The first year of a child's life is full of change. Every day brings new development and growth. Here are some things to look for and expect in your baby's first year.
During the first month you will be establishing routines, only to find everything changes as soon as the routine seems set. In another article we discussed all the things you need to do to stay healthy and strong for your new baby. You can read that article here:
2-3 months: establishing routines
After the first month with your new baby you begin to have routines. Eating and sleeping should begin to have an order or pattern, even if it's not exactly the same every day. Your baby will begin to recognize the human face and prefer it to all other shapes. Bold shapes and defined colors will draw your baby's attention.
Your baby will begin to recognize you as mom or dad and prefer your face over others. Before your baby becomes mobile is a good time to be sure your house is child-proof. Put outlet protectors in all unused outlets, get child-proof locks for your cabinet doors.
4-5 months: rolling over, teething, tri-poding
At 4 months your baby will begin to roll over from front to back, then back to front. Eventually you may find you have a "roller" or "scooter," maneuvering from one side of the room to the other. You should never leave your baby unattended at this age, unless in a play yard or crib, as they can easily roll off beds or into things on the floor. Babies can begin to teeth at 3 months but 4-5 months is more common. Your baby can teeth for months before any teeth erupt. Teething toys that can be cooled in fridge or freezer are helpful, but any safe teething toy will help. Mashed frozen celery with the strings removed, has mild analgesic properties and your baby will enjoy having it rubbed into their gums. We also use Tylenol orally as directed and massaged directly on the gums for relief. Or keep Orajel, or something similar, on hand for those times when nothing else helps. Orajel is an oral gel that helps to numb the gums.
Your baby will find his feet around this time...
Your 5 month old baby may begin to push up into a sitting position and lean forward on one arm. This is called tri-poding. It won't be long before you will have a "crawler" on your hands.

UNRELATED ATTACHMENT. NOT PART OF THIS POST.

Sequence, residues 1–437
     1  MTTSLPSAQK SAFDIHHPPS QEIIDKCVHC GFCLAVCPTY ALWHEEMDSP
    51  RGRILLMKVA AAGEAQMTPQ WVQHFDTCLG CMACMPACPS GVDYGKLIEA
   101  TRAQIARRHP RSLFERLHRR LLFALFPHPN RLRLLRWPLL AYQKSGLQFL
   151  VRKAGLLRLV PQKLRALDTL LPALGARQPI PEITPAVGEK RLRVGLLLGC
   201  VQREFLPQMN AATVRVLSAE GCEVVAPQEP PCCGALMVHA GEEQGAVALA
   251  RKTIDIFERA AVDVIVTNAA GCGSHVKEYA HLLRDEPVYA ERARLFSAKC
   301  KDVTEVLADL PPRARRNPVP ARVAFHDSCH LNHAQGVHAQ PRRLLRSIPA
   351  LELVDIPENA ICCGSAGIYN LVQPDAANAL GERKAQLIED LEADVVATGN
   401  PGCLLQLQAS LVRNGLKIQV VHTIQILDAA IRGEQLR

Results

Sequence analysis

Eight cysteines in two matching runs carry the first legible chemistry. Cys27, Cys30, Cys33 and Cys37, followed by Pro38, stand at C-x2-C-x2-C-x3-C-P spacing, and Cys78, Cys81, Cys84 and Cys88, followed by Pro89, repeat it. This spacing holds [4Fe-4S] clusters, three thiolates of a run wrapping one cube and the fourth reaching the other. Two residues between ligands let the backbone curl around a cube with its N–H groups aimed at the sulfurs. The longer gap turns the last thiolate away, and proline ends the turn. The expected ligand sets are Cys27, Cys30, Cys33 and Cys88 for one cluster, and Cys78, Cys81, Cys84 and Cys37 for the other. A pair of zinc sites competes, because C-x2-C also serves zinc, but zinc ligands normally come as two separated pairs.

6-7 months: introducing solid foods
Your 6 month old will begin to sit independently. And will want to eat solid foods. Discuss with your pediatrician the types of foods to introduce first, but usually bland, gentle foods that are mashed up are recommended. Applesauce, infant rice or oat cereal, and mashed banana are all good first foods for your baby.
baby rice cereal
baby oat cereal
Then add fruits and vegetables - all pureed:
butternut or acorn squash, or other similar squash
DO NOT feed your baby of this age:
8 - 14 months: Walking, new foods, talking
Walking: Babies generally begin to walk sometime between 8 and 14 months, so you will most likely begin to see activity in that direction. Pulling up from sitting to standing, taking wobbly steps while holding onto the furniture or your hand will probably begin during these months. If you haven't already child proofed your outlets, cabinets and stairs, you must now. Your child is about to become completely mobile and eventually will be able to run faster than, or at least as fast as, you.
New foods: You can begin to introduce more foods as your baby tolerates the simpler ones. You can purchase already prepared baby foods or make your own. Making your own can be as elaborate as pureeing unseasoned separate foods in a blender or as simple as mashing what's on your plate with your fork. If you haven't already graduated your baby into a high chair or snap on table chair, you certainly can as soon as your baby sits up well. Be sure the chair has a horn that fits between the legs so baby doesn't slip out of the chair. If the chair doesn't have a belt, you can use one you own, or create one with a rope or a tie from a piece of clothing.
Talking: Your baby will begin making vocalizations, like cooing, at about 2 months of age. This vocalization will continue until you can begin to understand words. Dada is often the first word babies say, the Mama a close second. Model speech to your baby and let them know you are trying to understand them. Many parents use sign language with their young babies to help them communicate with motions before they can speak. This can help your baby feel less frustrated.
15 months and older: Childproof your house!!
Once your baby starts to walk, everything becomes a little more challenging. If you haven't already done so, you will want to install a gate at the bottom and/or top of staircases. You may find you have a climber on your hands or perhaps an escape artist that would challenge Houdini. You will need outlet covers, cabinet stops, cords off the floor, breakable objects moved out of reach. Mobile babies require some of the most intense attention to keep them safe. Put up as many barriers as possible and explain every time your baby goes into an area that is off-limits, that he must not go there without you. They will eventually understand you.
Article by Ruth Grunstra
All Rights Reserved
Hi I'm Ruth
What is the biggest challenge you are facing with your children? My husband and I have 8 children and have been married since 1980. We are always learning new ways to engage our kids. We would love to hear from you. Contact us and let us know what you have found that works and what doesn't. Or ask me a question.